At Young’s request, the district court had twice delayed the trial before Young chose to waive his right to counsel. When Young did so, the district court informed him of the difficulties he would face and he went ahead regardless.  Before he chose to represent himself, Young had fifteen months to prepare for trial; after doing so, he had a further three weeks, during which he was able to review evidence. [5-6] The trial also showed that Young understood the complex facts.  Young couldn’t explain what he would have done differently. Under these circumstances, Judge Barrett wrote for the Court of Appeals that the district court had not abused its discretion in denying a continuance. [4-6]
Young next argued that the district court had instructed the jury too broadly when it said that his conduct was “in or affecting interstate commerce” (as required by 18 U.S.C. § 1591 if it used hotels serving out-of-state travelers, condoms manufactured out-of-state, or the internet. Judge Barrett held that it was well established that the statute was broad enough for any of those elements to qualify. [6-8] Young then argued that there was insufficient evidence to prove that he had done any of that, and Judge Barrett lamented that he was right about the hotels and condoms despite the evidence that was surely available, but that there was sufficient evidence for the jury to connect Young to using Backpage.com to sell the services of all the girls in question. [8-9]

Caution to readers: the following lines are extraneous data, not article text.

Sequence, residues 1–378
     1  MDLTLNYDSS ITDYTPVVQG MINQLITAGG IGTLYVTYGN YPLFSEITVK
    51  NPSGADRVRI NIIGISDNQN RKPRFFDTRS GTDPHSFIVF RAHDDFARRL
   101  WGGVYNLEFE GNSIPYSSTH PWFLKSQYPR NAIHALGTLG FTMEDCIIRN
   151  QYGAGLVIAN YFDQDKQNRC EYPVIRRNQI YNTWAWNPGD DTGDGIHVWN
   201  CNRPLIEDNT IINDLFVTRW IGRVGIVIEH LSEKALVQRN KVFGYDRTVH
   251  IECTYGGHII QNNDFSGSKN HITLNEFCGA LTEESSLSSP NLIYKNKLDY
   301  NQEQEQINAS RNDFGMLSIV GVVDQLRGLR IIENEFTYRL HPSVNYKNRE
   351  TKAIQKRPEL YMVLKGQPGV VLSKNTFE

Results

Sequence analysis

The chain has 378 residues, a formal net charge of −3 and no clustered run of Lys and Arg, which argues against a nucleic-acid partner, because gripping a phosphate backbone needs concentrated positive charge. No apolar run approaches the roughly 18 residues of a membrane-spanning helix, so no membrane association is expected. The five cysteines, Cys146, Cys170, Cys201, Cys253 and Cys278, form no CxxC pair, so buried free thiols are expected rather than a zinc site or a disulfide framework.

Young also appealed the district court’s exclusion of the girls’ previous acts of prostitution under FRE 412. Young argued that the girls’ sexual history was admissible, despite the usual rule to the contrary, because it showed that he had not been able to commit various forms of sex-trafficking. Judge Barrett held that coercion was not an element of sex-trafficking a child, that he had not been charged with recruiting the girls into prostitution, and that their history was irrelevant to the remaining charges. [10-11]
Young then appealed the denial of his motion to suppress a note-book of his. Judge Barrett didn’t address the strength of this argument because he had not first moved before trial, as required, despite having discussed the issue with his attorney months earlier and filing several other motions before trial. [11-12] Finally, Judge Barrett summarily rejected his many remaining arguments. [12-13]